Astral Convertible Reimagined Set

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Construction details, individual pictures, and the set in operation during performance

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Astral Convertible Installation last day

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“Logistical Carnival” Tuesday night

Last night we had our “Logistical Carnival,” as we called it, where we put the towers on stage with lights, speakers and sound system, Arduino boards with xBee wireless modems, and batteries. We also had projections on the cyc behind the towers as well as on the towers themselves. When the dancers arrived, we put a sensor on Annie F., to see how that was functioning. Then there was a semi-run through of the dance, to see the technical aspects of the production in relation to the movement in the choreography.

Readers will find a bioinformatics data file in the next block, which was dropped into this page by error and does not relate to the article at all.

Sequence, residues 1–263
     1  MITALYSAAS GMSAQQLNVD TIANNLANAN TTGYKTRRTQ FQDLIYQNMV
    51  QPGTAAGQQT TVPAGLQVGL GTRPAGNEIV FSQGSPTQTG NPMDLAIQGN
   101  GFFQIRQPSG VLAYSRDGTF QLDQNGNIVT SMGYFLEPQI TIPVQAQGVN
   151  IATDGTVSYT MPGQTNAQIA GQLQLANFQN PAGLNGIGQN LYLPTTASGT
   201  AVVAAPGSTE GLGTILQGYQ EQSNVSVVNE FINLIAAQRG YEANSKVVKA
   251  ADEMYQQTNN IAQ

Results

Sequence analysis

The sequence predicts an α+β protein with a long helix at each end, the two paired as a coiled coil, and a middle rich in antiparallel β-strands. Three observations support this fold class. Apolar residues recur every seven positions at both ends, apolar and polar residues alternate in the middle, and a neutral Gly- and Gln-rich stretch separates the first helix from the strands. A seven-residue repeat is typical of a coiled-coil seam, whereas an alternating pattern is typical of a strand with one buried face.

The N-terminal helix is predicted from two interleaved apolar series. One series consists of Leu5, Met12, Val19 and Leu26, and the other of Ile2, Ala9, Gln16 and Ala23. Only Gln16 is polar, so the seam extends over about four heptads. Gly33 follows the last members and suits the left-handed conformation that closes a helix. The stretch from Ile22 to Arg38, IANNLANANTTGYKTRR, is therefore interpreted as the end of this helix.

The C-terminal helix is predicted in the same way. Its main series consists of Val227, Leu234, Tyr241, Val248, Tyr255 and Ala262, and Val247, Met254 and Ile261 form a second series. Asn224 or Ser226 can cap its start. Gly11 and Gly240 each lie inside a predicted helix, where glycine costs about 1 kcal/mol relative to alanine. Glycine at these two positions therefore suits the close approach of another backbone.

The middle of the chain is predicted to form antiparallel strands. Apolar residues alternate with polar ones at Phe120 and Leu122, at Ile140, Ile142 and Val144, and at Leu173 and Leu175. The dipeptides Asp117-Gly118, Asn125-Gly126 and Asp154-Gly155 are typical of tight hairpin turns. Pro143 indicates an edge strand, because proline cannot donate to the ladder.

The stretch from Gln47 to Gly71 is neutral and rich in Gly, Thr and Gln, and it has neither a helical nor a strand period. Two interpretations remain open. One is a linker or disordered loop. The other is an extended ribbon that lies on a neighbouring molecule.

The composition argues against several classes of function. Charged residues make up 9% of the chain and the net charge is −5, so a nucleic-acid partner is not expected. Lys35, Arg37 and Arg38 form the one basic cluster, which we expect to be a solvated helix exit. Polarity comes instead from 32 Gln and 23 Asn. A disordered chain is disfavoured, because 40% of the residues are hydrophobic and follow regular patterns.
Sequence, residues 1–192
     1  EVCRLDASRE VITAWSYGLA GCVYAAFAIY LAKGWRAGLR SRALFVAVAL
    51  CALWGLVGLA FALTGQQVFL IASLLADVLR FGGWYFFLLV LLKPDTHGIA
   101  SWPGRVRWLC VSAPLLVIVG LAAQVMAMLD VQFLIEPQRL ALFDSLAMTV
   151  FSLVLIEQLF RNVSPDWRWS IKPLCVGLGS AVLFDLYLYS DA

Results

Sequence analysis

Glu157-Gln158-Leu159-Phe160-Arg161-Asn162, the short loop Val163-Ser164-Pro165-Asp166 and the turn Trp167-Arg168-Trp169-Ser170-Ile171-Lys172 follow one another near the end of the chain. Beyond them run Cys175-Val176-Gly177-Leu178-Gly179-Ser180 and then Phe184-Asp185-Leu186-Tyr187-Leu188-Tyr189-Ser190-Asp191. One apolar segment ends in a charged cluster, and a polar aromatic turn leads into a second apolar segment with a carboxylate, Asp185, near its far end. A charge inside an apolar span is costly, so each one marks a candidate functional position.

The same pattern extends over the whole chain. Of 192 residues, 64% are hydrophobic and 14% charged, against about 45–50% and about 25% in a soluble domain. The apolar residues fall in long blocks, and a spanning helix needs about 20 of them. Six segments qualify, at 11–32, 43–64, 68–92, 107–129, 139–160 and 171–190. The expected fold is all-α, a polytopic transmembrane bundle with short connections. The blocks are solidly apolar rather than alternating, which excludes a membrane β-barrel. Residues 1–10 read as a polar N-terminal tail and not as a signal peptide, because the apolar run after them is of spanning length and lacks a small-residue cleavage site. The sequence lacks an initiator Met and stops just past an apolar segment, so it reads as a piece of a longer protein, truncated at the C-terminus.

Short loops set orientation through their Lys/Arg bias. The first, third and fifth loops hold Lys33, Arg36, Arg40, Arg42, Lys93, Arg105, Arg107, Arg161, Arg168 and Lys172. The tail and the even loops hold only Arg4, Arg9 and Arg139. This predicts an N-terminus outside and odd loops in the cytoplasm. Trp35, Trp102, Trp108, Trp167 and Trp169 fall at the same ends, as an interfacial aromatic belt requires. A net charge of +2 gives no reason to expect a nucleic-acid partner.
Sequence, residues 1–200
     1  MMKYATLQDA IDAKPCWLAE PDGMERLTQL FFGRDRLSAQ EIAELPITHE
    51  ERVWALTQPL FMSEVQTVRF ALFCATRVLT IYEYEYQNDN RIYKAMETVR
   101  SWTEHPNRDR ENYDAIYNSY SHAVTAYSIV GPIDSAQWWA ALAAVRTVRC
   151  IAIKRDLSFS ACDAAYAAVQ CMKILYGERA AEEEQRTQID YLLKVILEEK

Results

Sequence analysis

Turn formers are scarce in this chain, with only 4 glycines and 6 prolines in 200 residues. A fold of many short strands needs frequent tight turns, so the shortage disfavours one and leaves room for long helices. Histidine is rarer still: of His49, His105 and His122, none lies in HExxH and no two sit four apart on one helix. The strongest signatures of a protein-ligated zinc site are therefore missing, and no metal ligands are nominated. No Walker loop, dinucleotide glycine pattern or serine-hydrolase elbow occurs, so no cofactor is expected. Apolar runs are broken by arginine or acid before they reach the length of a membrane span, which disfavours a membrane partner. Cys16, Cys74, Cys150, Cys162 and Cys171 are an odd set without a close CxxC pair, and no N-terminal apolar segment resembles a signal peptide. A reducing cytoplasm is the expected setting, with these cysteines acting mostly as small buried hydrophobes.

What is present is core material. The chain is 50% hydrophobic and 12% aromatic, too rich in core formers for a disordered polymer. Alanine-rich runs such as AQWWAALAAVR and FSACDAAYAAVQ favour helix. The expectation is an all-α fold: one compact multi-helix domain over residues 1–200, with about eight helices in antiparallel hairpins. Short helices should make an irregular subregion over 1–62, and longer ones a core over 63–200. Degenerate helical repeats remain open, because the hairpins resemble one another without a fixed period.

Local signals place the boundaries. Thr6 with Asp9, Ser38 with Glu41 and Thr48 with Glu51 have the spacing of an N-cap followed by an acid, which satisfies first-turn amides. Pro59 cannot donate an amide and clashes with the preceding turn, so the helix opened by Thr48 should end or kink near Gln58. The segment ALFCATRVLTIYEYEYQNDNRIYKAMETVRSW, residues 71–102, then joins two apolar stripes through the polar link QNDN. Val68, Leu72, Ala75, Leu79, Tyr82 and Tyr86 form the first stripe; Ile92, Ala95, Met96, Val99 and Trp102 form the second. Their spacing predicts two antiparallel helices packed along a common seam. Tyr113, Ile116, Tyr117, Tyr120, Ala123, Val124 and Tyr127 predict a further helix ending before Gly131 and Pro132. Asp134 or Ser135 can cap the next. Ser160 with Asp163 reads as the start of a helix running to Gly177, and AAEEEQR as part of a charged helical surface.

Before the dancers arrived, Chris were busy putting the lights together, as I was setting up a computer table for myself and Jihyuk Choi (xBee/wireless programmer) and Mary Petrowicz (machine learning from dancer-attached accelerometer data). Rebecca was helping with whatever she could, Ann DeVelder was present to help with accelerometers, Michael Williams was setting up projectors for Brett Jones and Raj Sodhi, Ken Beck was setting up the audio project boxes, Terri Ciofalo was organizing the scene, Lara Wilder was working on lighting, Donna Cox, Bob Patterson, and Alex Betts were experimenting with cyc graphics, Regina Garcia and Jamie were dealing with sets and helping out where they could, and I’m sure there were several other people, particularly in the stage management area, that were coming around to help set things up and get everything prepared for our tech experiments. It was a busy and very exciting and fun scene.